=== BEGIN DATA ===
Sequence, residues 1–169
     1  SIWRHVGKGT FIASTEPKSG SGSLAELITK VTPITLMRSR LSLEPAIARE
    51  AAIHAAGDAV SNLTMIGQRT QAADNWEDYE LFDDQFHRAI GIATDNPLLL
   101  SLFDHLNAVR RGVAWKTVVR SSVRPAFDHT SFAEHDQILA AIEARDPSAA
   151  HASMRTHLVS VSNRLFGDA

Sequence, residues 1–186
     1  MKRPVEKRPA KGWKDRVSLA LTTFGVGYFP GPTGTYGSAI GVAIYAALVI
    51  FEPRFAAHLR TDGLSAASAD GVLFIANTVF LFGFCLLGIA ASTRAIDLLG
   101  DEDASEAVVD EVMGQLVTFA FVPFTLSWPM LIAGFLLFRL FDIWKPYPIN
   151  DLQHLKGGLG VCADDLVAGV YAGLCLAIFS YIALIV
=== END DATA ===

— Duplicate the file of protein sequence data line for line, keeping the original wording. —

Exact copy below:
Sequence, residues 1–169
     1  SIWRHVGKGT FIASTEPKSG SGSLAELITK VTPITLMRSR LSLEPAIARE
    51  AAIHAAGDAV SNLTMIGQRT QAADNWEDYE LFDDQFHRAI GIATDNPLLL
   101  SLFDHLNAVR RGVAWKTVVR SSVRPAFDHT SFAEHDQILA AIEARDPSAA
   151  HASMRTHLVS VSNRLFGDA

Sequence, residues 1–186
     1  MKRPVEKRPA KGWKDRVSLA LTTFGVGYFP GPTGTYGSAI GVAIYAALVI
    51  FEPRFAAHLR TDGLSAASAD GVLFIANTVF LFGFCLLGIA ASTRAIDLLG
   101  DEDASEAVVD EVMGQLVTFA FVPFTLSWPM LIAGFLLFRL FDIWKPYPIN
   151  DLQHLKGGLG VCADDLVAGV YAGLCLAIFS YIALIV